It saddened and shocked me when Gustavo remarked that he hadn't been enjoying the food. Here we were in Paris, one of the exemplary culinary cities in the world, thus surely a good meal could be found just by walking into any proper restaurant. But then I recalled some of the meals he'd had so far - the crappy chicken and spaghetti at the Italian pizza place (don't ask...sigh), the crap at the cabaret Moulin Rouge, and of course, who could forget the crappy Christmas dinner at our hotel in London with the inedible beef, inedible pork, inedible lamb...well, inedible everything, really. Thus, I boldly declared to him, "Come sightseeing with me tomorrow, and I promise you won't eat any crap".
The next day saw us take the metro to Montmartre, the lovely neighborhood teaming with cafes, restaurants, and eye-catching, mouth-watering food shops (refer to 1st photo...we stood outside the window staring and salivating). The streets are perenially jammed with tourists, as well as artists willing to do your portrait. Despite the crowds, Montmartre retains its appeals and is a must-see for anyone visiting Paris. After some sightseeing which included me huffing and puffing my way up the circular staircase to the dome of the Sacre Couer church for some great views of the city (paying five euros for the privilege, no less), Gustavo and I were ready for lunch. We were spoiled for choices, and after scrutinizing the prix-fixe offerings of a few restaurants we settled on Le Progres.
After some delay in deciphering the written-only-in-French menu (I generally avoided restaurants with English menus, preferring to torture myself... seriously, the absence of English-language menus correlate to better food), and with the aide of my trusty French-English food dictionary and restaurant guide, we finally managed to make our choices. Not normally a fan of salads, I nevertheless had the seafood salad and lamb chops, while Gustavo had soup and breast of duck with honey sauce (pictured), which was superb according to him. My dishes were equally tasty, and I liked the seafood salad enough to devour all of it. So both of us were happy campers as we came out of Le Progres for more exploring. Predictably enough, a couple of hours of sightseeing later, we were both famished and eager for a snack. Luckily, we stumbled upon a tiny (only eight seats) crepe place near the Centre Pompidou.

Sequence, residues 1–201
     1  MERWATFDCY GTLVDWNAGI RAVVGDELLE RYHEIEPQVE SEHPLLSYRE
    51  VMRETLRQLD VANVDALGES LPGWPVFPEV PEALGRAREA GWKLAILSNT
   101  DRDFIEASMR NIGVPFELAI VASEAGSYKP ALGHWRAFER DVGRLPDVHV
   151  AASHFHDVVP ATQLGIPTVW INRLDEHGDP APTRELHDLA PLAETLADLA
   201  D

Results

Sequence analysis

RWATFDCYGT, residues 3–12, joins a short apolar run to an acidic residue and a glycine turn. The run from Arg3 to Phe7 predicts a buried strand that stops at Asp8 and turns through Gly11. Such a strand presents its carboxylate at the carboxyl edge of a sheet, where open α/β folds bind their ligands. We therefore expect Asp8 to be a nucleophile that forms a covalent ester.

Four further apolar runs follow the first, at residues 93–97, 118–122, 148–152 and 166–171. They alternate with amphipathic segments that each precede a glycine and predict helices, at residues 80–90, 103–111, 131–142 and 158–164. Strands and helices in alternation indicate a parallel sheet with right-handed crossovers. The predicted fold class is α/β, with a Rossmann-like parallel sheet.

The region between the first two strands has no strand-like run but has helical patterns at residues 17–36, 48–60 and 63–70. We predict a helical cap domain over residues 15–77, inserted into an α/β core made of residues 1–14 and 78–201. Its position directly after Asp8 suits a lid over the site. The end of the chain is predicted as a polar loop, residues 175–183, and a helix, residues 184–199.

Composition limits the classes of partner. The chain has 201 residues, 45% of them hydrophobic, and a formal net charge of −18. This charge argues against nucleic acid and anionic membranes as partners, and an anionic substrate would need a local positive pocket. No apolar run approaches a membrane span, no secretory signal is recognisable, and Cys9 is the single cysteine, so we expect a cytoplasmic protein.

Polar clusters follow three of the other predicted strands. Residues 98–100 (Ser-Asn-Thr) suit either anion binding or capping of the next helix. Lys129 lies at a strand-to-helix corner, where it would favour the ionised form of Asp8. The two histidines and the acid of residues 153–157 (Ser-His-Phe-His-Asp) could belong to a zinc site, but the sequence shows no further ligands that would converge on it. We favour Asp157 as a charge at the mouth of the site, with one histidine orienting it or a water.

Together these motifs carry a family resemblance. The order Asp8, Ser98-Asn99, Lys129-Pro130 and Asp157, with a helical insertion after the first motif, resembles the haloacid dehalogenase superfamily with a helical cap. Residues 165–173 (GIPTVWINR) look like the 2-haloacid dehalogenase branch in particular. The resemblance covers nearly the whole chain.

Again, it took a while to place our order, both due to the numerous choices written on the board, and trying to figure out what they were. Unfortunately, the proprietress didn't speak English and couldn't quite answer our questions, compounding our woes. She, however, kept demanding in a loud voice what our order was despite our hemming and hawing, much to the amusement of the group of six Italians occupying the rest of the tables, who awaited each of mine and Gustavo's mangled French phrases with bated breath, followed by comments amongst themselves and then uproarious laughter coupled with pitying glances in our direction. Not all was lost however, as the crepes proved satisfying.
As it was our last night together in Paris, we met up with Jo and Amy back at the hotel. I suggested that we have dinner at Le Hangar, a family-run restaurant serving excellent, reasonably-priced French food in the Fourth Arrondisement. Le Hangar was recommended to me by my friend Maureen who dined there almost every night on her trip to Paris a few years ago. Tucked away in a dead-end alley and somewhat challenging to find, I had dined there by myself a couple of nights ago and thoroughly enjoyed my appetizer, lentil soup with foie gras, and main course - duck with foie gras and potatoes. Thus, I thought this would a good choice for exposure to real French food and to wash away the memories of all the crappy food we've had. Try as I might though, I had difficulty convincing either of the other three to order the lentil soup with foie gras, although I let them have a taste. For the main course, Amy ordered the gnocchi, Jo and Gustavo both had the beef stroganoff which came with deep-fried potato balls that melted in your mouth, while I had the foie gras over mashed potatoes (pictured).
Happily enough, everyone was pleased with their food. Despite the hard-to-read handwritten menus (in French only, bien sur) and no credit card policy, I wager that my companions would return to Le Hangar on future trips to Paris. For dessert, I had Le Hangar's special "mi-cuit" (warm, I think) chocolate cake which was superb and unanimously loved. Overall, not only was it a great meal, but also a pleasant and fitting end to our trip. As for Gustavo, he seemed pretty pleased with the day's adventures and at the chance to expand his gastronomic palate, so I can confidently say my promise to him was fulfilled. Now, Gustavo, about trying those escargots...